"...The contributions of the Lebanese-Syrian families and their descendants are innumerable. Everyone is aware of Dr. Michael DeBakey’s many accomplishments. Before completing medical school he invented a pump that was crucial to the development of the iron lung and later to the development of the heart pump. He was also instrumental in creating the Mobile Army Surgical Hospital (M.A.S.H.) and the Veteran’s Administration Medical Center System and Research program..."
The Louisiana Surnames - Louisiana Researchers list is quickly filling up page 4.

From my mailbag is one of the most easily read websites I've visited. This article concerns the genealogy of a family who fought in Louisiana during the Civil War. The overall general construction of this page, was so easily read and enjoyed I must recommend it. This website is located in Broken Bow, Nebraska. "If graves could talk, the history we could learn", by By ELLEN MORTENSEN, August 26, 2009.
"...Joseph returned to his regiment and was promoted to Lieutenant. During the Red River campaign in Louisiana, he fought at Fort deRussy and at Pleasant Hill, where almost two years to the day of the battle of Shiloh, he was killed in action. His body was never recovered, and is believed to be buried in an unmarked grave...." Joseph A. Shanklin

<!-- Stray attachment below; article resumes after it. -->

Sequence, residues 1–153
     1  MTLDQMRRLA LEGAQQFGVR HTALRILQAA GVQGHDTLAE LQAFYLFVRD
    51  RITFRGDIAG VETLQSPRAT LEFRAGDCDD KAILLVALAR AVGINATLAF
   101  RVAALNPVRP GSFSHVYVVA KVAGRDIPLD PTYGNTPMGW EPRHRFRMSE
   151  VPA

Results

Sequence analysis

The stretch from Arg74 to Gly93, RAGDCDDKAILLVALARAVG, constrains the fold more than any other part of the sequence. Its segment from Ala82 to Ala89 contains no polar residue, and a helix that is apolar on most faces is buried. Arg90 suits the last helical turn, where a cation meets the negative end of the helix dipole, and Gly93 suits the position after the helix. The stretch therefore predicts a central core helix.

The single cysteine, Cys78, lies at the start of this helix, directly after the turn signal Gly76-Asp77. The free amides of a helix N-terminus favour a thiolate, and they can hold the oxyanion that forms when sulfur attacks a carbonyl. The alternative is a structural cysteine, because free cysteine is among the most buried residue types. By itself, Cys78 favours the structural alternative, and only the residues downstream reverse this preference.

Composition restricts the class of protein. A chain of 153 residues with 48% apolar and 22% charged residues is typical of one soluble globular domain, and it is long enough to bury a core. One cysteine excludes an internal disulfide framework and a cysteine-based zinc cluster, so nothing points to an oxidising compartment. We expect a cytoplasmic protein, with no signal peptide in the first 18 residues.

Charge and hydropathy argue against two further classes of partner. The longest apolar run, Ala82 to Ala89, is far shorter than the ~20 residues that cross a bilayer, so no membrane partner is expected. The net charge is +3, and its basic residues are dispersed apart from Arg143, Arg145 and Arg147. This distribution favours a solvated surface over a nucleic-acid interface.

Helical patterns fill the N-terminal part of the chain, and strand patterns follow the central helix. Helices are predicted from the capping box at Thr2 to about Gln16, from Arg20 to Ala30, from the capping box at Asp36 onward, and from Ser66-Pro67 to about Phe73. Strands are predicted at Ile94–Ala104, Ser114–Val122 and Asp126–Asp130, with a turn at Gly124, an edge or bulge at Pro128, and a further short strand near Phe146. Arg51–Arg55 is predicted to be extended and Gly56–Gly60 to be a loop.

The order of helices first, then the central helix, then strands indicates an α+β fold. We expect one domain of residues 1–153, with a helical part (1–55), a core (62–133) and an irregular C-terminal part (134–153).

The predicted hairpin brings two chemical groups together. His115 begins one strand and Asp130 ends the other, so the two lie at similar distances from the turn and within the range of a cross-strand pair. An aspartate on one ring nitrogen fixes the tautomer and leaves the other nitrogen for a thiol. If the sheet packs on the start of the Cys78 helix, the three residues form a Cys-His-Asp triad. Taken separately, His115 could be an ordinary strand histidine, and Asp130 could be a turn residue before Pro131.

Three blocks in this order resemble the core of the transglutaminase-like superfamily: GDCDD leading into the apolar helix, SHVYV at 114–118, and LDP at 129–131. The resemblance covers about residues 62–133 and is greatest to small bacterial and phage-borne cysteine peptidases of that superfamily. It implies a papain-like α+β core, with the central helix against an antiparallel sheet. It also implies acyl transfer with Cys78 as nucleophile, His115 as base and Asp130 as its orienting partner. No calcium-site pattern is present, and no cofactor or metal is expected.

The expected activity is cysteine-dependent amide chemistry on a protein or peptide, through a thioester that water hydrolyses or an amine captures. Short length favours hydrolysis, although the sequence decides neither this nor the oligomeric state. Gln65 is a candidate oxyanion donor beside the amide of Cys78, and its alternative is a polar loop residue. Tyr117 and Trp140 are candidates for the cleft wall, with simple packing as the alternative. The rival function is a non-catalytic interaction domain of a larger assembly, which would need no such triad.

Just in case you missed it, the APG reported back in August that the Louisiana Biography and Obituary Index has been updated and is online.
The Louisiana Biography and Obituary Index Now Online

The Historic New Orleans Collection and the New Orleans Public Library
are proud to announce that the entire Louisiana Biography and Obituary
Index, a compilation of approximately 600,000 citations dating back to
1804, is now available as an online database. The electronic index is
the culmination of an eight-year endeavor undertaken by The
Collection and NOPL at the behest of the late Suzanne Levy Ormand,
former chair of the library board, and Mary Lou Christovich, chairman
of the board of directors of the Kemper and Leila Williams Foundation.
The Obit Index originated in the 1930s as a project of the Works